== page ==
setup for overwhelm

OverwhelmThis morning, I met with an acquaintance who is passing over the position of membership chairman in our Sonoma County writing organization, 294 members strong. Of course, it’s all new: new software, new checks and balances, new website to manage. The previous membership chair is very comfortable with the job and has done it for so long that it’s all seamless. Breaking it down into recognizable, smaller parts was difficult for her. Where to start?

I was receiving what I would call (respectfully–she did her very best) an information dump. This included talking for three hours, and handing over four computer folders with close to 8,000 files in them, two banker boxes, and a couple of bags of materials. This is a perfect setup for feeling overwhelmed–that is exactly what the mind would like to label it. However, what I noticed is that each moment was fresh and unknown. My mind could only have one thought at a time. In direct experience, there is no such thing as “overwhelm.”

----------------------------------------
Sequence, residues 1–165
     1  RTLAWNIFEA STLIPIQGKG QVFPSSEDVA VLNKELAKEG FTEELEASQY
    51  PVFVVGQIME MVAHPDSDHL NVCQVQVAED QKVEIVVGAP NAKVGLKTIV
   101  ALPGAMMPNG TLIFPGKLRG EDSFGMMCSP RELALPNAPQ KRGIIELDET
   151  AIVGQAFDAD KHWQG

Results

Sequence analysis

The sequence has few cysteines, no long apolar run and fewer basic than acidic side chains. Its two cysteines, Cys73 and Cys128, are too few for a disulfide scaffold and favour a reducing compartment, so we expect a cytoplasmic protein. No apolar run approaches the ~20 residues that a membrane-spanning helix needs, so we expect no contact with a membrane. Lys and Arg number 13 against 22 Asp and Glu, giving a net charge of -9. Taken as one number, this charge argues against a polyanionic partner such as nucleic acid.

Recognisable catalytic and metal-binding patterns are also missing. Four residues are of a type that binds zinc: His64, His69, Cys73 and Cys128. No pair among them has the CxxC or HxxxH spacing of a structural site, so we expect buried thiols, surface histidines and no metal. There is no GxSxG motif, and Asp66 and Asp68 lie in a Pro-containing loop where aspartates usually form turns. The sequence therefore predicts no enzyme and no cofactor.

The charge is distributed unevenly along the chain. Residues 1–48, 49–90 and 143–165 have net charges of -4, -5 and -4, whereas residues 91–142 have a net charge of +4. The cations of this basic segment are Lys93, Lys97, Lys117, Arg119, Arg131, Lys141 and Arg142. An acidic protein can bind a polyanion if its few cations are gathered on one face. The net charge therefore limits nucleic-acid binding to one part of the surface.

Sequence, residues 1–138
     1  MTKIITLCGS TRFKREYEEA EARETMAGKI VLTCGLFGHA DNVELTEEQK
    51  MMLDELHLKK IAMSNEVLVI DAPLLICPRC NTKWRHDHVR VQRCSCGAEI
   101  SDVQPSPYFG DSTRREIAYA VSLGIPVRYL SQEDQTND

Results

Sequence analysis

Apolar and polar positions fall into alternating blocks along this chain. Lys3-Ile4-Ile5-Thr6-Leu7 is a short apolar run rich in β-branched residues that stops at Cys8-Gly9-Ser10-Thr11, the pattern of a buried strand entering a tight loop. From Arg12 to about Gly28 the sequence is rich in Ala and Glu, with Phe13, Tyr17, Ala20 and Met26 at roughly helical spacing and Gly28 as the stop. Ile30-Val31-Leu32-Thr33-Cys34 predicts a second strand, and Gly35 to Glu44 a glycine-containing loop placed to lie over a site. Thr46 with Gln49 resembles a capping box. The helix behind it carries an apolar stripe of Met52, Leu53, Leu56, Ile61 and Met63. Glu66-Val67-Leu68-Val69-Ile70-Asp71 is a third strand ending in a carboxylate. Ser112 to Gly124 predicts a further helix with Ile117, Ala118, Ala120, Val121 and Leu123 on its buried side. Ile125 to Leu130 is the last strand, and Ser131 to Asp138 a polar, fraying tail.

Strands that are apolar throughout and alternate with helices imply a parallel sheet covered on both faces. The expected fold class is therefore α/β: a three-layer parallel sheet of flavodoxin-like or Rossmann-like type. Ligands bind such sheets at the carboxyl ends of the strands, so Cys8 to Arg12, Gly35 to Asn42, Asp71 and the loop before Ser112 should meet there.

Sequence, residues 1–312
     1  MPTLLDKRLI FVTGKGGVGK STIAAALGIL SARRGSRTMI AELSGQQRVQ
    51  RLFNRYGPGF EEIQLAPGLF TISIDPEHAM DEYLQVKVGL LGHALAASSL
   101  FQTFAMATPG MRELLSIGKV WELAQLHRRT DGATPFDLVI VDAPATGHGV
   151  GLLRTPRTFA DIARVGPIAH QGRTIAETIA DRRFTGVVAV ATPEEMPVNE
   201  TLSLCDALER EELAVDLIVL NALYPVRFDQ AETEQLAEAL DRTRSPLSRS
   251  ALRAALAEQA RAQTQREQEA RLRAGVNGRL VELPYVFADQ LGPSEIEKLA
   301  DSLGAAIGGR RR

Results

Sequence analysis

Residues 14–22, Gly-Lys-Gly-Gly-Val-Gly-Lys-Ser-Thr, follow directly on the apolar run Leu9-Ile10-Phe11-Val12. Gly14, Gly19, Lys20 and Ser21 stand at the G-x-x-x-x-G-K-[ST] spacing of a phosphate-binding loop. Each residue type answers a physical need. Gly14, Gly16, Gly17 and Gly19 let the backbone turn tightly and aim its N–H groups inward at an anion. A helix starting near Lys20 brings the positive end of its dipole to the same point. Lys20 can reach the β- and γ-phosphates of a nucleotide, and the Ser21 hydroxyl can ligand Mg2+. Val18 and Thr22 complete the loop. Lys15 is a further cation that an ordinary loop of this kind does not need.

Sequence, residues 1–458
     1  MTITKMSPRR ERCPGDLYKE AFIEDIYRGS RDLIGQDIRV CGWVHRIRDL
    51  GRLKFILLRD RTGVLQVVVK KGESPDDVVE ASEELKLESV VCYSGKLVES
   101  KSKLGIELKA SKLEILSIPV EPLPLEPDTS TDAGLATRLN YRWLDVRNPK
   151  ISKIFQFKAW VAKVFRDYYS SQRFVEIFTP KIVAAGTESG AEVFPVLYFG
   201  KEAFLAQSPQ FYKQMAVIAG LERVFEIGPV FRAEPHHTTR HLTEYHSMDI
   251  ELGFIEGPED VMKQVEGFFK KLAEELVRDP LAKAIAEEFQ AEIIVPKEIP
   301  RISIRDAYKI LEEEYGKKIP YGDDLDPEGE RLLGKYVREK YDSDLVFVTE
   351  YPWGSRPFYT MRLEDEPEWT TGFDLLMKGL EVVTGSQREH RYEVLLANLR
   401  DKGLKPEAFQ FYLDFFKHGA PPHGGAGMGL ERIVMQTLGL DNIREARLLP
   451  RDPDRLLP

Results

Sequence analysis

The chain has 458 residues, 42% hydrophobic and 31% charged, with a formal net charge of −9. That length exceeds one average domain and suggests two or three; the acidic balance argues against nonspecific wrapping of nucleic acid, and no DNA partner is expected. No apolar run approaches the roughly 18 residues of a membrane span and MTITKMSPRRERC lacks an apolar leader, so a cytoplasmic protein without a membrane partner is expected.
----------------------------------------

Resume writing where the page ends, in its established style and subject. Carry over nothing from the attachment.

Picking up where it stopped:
After three hours–although the body was willing–the mind simply shut down. The hard disk had filled, and more information would overwrite the earlier (and equally important) material. So I called a halt. I also asked her to provide me with a list of tasks: what she does on a daily, weekly, monthly, and yearly basis. That will provide the ground I need in order to master what this position requires.

© Amrita Skye Blaine, 2013
photo credit

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